(CNN)”I would rather not eat for a week than get my phone taken away. It’s really bad,” said Gia, a13-year-old. “I literally feel like I’m going to die.”

“When I get my phone taken away, I feel kind of naked,” said Kyla, another 13-year-old. “I do feel kind of empty without my phone.”

Both participated in “#Being13: Inside the Secret World of Teens,” a first-of-its-kind CNN study on social media and teens.

More than 200 eighth graders from across the country allowed their social media feeds to be studied by child development experts who partnered with CNN. This is the first large scale study to analyze what kids actually say to each other on social media and why it matters so deeply to them.

“We see a lot of evidence of, if not out-right addiction to social media, a heavy dependence on it,” said sociologist Robert Faris, a school bullying and youth aggression researcher who co-authored the study. “There’s a lot of anxiety about what’s going on online, when they’re not actually online, so that leads to compulsive checking.”

Read the study: (Warning: Explicit language)

Why are teens so anxious about what’s happening online? #Being13 found that it’s largely due to a need to monitor their own popularity status, and defend themselves against those who challenge it.

61% of teens said they wanted to see if their online posts are getting likes and comments.
36% of teens said they wanted to see if their friends are doing things without them.
21% of teens said they wanted to make sure no one was saying mean things about them.

“This is an age group that has a lot of anxiety about how they fit in, what they rank, what their peer-status is. There is fear in putting yourself out there on social media and they hope for lots of likes and comments and affirmations but there is always the chance that someone could say something mean,” said child clinical psychologist Marion Underwood, the study’s other co-author.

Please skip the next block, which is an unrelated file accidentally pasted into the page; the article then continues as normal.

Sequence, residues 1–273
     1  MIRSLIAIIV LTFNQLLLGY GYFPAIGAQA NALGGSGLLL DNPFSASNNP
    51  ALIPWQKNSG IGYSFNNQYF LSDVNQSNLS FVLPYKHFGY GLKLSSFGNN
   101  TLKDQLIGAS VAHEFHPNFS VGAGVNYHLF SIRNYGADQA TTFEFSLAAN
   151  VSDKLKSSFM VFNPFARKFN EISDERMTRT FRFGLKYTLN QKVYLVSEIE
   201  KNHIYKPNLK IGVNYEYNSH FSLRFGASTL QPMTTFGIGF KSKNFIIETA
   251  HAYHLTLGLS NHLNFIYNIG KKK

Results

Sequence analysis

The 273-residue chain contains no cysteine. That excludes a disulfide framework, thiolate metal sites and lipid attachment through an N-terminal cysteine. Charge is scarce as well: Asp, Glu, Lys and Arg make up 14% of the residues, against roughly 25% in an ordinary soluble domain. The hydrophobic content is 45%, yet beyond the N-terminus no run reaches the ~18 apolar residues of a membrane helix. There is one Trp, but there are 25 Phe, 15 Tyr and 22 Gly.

The perils of lurking on social media

The study was conducted with eighth graders at eight different schools in six states across the country. Participating students, with the permission of their parents, registered their Instagram, Twitter and Facebook accounts through a secure server created by Smarsh, an electronic archiving company contracted by CNN. The study’s co-authors, along with their teams, analyzed an estimated 150,000 social media posts collected over a six month period. In addition, the teens also answered a number of survey questions about their use of social media.

‘If they’re talking about me, I’m going to talk about them’

The more teens look at social media, the study found, the more distressed they can become. The heaviest social media users admitted to checking their social media feeds more than 100 times a day, sometimes even during school hours. What’s more, some teens are so vigilant about those who might be casting them in a negative light, they follow the social media accounts of not only their friends, but also their enemies.

“I want to see what they’re talking about and if they’re talking about me. Because if they’re talking about me, I’m going to talk about them,” said Zack, one of this study’s teen subjects.